August 7th, 2015
Food processing is a vital aspect of Canada’s economy. The meat industry is Canada’s third largest industry, and was fifth in world pork exports in 2011. Hog processing takes place across the country, but one typically finds hog processing plants close to livestock production centres and major population centres.
Canadians do indeed love their bacon: pork represents around 40% of overall Canadian meat production. The changing face of the industry since the early twentieth century indicates the evolving the nature of the hog sector, as with the majority of agricultural operations in the country. This article examines the progression of these trends, charting the development of the Canadian hog processing industry.
Shifting Tides: Looking Back a Century
Between the years 1921 and 2011, the proportionate number of farms to population went from 8.1 per 100 inhabitants to 0.6 per 100 inhabitants. These numbers do not reflect a drop in production, however: just the opposite, in fact. Despite the dramatic drop in farms reporting pigs (from 452,935 to 7,371), the rise of Canadian hog herds over this time went from 3,324,291 head to 12,679,104.
Of course, these changes did not happen immediately. As with most change it was a slow process. The change from subsistence farming with a variety of livestock to a more specialized and commercialized hog processing industry did not happen overnight.
The 1960’s witnessed a marked advance in the hog industry with the rise of slaughterhouses and specialty delicatessens. Since that time the industry has continued to grow, particularly with the coming of the North American Free Trade Agreement in the 1990’s. There has been some adversity, such as price declines in 1998 and falling demand from international markets, but the sector remains strong.
These days, almost all commercial hog production takes place in a carefully controlled environment to ensure quality and safety while helping to prevent the outbreak of disease and any stresses associated with hog movement. Observing breeding behaviour and managing hogs through to maturity helps ensure the success of the industry.
Due to thorough quality control measures, the industry continues to experience success. In 2011, the hog industry tallied impressive receipts of CAD $3.9 billion.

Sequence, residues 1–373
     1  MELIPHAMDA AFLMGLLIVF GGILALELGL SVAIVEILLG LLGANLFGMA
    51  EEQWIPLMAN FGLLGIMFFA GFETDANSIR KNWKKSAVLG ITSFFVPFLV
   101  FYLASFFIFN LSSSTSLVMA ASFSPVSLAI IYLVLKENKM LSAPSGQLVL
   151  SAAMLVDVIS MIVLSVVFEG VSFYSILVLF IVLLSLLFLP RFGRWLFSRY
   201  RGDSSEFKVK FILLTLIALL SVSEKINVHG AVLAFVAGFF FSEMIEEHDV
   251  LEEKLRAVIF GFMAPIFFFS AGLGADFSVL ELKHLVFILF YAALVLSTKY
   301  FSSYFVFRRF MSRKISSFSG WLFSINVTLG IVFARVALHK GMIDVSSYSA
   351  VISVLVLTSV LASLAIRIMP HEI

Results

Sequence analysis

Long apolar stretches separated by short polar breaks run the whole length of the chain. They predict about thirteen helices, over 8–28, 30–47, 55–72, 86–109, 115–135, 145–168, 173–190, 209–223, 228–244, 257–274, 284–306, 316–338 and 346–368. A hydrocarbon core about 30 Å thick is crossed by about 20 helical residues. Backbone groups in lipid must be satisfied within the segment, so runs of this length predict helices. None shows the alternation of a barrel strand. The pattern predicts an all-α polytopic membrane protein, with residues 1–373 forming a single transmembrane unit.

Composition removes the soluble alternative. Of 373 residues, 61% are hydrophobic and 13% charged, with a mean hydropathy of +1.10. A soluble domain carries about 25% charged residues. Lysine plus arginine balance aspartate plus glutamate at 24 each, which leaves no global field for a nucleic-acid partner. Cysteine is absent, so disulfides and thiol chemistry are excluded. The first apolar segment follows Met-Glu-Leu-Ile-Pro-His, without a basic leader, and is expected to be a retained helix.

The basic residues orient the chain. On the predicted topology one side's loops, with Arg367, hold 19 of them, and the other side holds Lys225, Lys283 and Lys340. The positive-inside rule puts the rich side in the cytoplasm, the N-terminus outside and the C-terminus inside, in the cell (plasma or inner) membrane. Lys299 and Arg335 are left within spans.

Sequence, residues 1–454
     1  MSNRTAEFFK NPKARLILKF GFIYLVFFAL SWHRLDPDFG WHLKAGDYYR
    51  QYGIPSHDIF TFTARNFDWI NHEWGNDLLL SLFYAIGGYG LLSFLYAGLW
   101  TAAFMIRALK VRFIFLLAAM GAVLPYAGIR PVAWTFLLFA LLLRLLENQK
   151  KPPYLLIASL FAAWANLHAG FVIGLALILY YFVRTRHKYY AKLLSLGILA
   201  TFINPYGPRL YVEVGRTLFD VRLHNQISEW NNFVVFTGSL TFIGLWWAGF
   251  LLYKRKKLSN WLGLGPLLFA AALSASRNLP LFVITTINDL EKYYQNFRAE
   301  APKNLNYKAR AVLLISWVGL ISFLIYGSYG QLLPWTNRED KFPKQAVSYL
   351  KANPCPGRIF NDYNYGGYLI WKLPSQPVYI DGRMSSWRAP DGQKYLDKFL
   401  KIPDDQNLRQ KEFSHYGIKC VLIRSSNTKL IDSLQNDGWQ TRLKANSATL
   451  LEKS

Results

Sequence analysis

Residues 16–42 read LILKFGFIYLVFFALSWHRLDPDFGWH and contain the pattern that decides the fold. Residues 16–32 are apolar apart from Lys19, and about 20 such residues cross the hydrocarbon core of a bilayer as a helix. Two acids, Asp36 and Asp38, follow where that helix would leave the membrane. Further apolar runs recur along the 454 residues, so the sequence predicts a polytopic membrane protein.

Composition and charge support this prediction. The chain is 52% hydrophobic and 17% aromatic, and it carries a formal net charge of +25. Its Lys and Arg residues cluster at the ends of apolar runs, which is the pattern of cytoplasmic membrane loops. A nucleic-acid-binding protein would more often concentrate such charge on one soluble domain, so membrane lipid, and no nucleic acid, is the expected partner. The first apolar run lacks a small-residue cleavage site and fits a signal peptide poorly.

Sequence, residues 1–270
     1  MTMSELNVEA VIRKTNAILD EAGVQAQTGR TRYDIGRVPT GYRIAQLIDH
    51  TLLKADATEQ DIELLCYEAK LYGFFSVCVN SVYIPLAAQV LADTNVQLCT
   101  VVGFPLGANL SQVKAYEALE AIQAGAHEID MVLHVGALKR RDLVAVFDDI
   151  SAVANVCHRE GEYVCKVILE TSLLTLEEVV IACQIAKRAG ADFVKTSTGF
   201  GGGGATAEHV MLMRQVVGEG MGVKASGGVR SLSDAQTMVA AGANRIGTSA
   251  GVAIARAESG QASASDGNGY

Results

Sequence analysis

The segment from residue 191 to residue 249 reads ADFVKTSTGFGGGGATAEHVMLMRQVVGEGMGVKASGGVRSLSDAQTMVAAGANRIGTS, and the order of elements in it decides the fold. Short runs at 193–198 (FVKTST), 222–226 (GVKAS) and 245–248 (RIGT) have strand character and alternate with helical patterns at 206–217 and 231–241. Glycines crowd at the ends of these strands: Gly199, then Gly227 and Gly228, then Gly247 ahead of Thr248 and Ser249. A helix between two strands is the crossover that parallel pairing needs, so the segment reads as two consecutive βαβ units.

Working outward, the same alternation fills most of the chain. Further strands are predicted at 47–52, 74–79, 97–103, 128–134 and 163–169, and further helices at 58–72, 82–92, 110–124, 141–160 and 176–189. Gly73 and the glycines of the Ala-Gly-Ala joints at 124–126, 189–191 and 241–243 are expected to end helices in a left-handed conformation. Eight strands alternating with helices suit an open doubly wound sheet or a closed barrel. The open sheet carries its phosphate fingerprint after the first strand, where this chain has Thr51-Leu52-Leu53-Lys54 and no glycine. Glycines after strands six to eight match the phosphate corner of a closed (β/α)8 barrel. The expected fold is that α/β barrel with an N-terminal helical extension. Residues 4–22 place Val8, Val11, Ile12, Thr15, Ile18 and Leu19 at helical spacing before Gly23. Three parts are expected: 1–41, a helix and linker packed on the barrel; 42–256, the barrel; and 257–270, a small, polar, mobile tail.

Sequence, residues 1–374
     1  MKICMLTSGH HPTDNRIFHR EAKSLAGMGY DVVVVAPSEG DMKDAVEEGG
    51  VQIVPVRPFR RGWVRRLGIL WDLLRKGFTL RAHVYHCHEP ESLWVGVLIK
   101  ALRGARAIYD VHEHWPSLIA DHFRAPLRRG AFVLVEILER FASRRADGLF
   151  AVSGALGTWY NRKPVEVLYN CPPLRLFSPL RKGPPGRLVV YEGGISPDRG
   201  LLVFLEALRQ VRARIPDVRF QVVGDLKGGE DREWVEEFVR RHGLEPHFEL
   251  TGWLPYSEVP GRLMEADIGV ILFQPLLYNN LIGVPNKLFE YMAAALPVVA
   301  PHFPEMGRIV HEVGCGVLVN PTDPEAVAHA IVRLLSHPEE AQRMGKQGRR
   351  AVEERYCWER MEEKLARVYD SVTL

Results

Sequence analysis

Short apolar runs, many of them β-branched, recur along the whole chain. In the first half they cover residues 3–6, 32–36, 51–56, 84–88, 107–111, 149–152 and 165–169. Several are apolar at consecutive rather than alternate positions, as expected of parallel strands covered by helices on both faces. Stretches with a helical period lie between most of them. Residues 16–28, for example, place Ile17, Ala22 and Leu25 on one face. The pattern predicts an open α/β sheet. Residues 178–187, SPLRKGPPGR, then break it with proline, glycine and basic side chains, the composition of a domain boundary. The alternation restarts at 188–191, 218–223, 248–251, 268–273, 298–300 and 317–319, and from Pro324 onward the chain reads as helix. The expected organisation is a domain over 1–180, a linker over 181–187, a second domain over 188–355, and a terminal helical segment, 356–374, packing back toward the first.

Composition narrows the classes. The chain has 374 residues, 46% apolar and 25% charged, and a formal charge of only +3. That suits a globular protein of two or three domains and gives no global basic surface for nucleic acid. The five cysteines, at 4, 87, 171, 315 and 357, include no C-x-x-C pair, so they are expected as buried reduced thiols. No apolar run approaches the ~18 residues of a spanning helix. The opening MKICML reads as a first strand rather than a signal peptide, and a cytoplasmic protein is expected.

Canadian Pork in the Worldwide Market
There is always a demand for meat around the world: not only is it delicious, but many people rely on meat as an important source of protein.
In fact, pork is the world’s most consumed meat, particularly in North America, Europe, and many Asian countries. Since 1960, worldwide pork production shifted from 20 million tonnes to 108 million tonnes in 2011.
Canadian hog processing plants play an important role in these figures, as the world’s fifth largest pork producer. The industry remains highly competitive, using state of the art technology and equipment to adapt to shifting trade environments. Canadian pork exporters build on a tradition spanning back to nineteenth century.
The majority of Canadian pork is destined for export on the world’s market, including such heavyweights as the United States, Russia, Japan, and China.
A Reputation for Quality
No industry experiences continued success without an established reputation for high quality products. Canadian producers deliver pork that is lean, wholesome, and high yielding, tailoring their products to the specific desires of their diverse markets. For these reasons, they continue to benefit from loyal and satisfied customers.
There is a reason why Canadian hog processing plants are in demand, and why pork is the world’s most popular meat. Whether at breakfast, lunch, or dinner, pork always has a place in any family’s diet. Canadian producers create a variety of top quality products that satisfy the needs of domestic and international markets, helping make every meal a unique and delicious experience.